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MOS Fets-probably a stupid question

Discussion in 'General Electronics' started by Charles Jean, Jan 20, 2004.

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  1. Charles Jean

    Charles Jean Guest

    This just occurred to me, and it's probably a stupid question, but
    I've got to ask:

    I've seen lots of circuits for DC motor speed control using the PWM
    principle and a MOS FET to control the DC current through a motor.
    The gate of the FET is modulated by a square wave of variable duty
    cycle. All of the diagrams I have seen about the construction of a
    MOS FET seem to indicate a device that is symmetric on the source and
    drain ends about the gate electrode. If that is really the case,
    could one switch source and drain connection ends in a such a circuit
    and still have the same operational characteristics?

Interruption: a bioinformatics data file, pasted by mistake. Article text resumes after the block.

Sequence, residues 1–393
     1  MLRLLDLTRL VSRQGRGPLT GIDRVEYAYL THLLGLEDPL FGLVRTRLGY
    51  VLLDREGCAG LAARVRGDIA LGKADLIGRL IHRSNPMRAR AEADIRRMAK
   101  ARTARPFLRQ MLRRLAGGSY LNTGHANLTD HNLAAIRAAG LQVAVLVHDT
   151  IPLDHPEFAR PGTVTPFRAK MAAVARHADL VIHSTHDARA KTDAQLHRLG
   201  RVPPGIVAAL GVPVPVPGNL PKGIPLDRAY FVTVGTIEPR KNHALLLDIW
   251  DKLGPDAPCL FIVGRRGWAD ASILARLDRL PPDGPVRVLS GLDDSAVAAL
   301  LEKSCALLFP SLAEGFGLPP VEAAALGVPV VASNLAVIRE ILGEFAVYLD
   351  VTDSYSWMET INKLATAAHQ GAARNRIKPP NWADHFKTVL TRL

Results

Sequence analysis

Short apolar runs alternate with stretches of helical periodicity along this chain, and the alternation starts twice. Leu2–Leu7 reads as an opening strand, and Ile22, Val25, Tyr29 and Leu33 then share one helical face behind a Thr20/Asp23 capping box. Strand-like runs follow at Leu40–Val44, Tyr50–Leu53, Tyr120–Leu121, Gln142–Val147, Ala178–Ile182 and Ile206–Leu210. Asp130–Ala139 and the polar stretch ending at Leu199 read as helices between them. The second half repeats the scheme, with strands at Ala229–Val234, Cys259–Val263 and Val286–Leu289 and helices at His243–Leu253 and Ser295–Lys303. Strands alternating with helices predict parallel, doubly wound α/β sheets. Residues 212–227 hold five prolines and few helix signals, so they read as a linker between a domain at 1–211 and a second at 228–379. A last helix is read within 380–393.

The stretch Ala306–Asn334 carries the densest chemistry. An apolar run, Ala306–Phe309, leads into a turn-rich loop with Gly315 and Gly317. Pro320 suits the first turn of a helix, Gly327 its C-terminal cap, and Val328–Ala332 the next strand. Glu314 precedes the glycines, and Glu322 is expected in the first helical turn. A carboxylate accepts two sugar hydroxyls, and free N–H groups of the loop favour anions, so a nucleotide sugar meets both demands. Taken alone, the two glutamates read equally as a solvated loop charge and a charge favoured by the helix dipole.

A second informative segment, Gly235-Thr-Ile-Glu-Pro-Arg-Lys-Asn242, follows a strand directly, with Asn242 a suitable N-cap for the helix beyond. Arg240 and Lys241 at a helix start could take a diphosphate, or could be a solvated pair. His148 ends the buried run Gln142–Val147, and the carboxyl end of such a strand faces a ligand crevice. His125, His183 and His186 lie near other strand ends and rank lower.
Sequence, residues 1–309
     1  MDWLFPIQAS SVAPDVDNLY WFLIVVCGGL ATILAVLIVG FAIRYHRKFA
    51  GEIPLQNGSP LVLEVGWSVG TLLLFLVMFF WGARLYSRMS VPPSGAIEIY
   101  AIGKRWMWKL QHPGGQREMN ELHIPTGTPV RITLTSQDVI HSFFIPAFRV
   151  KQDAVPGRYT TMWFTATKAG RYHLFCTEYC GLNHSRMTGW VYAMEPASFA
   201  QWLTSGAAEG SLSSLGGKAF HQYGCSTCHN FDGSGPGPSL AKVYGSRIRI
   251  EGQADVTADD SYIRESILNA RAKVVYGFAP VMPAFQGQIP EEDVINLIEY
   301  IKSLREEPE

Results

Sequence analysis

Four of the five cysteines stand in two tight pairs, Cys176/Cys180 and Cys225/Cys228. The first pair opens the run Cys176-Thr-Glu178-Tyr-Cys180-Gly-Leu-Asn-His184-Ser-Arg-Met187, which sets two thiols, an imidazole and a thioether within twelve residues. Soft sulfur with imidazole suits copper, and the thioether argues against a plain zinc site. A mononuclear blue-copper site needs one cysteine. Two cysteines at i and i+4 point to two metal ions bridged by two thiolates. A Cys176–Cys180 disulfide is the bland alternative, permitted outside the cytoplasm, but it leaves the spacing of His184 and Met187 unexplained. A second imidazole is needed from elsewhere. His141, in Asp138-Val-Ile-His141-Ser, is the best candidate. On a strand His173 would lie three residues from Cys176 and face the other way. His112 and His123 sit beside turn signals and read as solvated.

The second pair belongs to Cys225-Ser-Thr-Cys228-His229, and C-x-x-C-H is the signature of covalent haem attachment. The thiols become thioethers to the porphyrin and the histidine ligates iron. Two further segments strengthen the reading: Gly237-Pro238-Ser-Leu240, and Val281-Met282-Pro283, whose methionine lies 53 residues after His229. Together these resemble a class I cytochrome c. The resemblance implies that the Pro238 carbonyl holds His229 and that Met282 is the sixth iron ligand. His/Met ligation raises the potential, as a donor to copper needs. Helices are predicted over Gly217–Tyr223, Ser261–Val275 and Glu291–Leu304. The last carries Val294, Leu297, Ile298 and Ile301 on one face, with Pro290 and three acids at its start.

If so, could the same arrangement be used to control an AC current
    through a load?
  2. This is not a stupid question, but a learning one. I would have a hard
    time to explain this simply in an email.

    To be very simplistic, the device has to be properly heatsinked.
    Since the drain is on the thermo coupling side to the heatsink, and
    the source is not, if you reverse the device, the device will overheat
    during high current conditions.

    If you reverse the source drain, in any case the gate bais will have
    to follow accordingly, and so will any of the polarized associated
    components in the circuit. This is why you cannot use AC directly on
    the FET device. Also, any caps that are used, will have to follow very
    quickly, if they are in any type of bypass or decoupling

    The stupid question is the one you did not ask. Just because a lot of
    people may know an answer, this does not mean that everyone knows it!

    Jerry Greenberg
  3. JeffM

    JeffM Guest

    If that is really the case,
    It ain't. Control voltage must be applied between gate and source.
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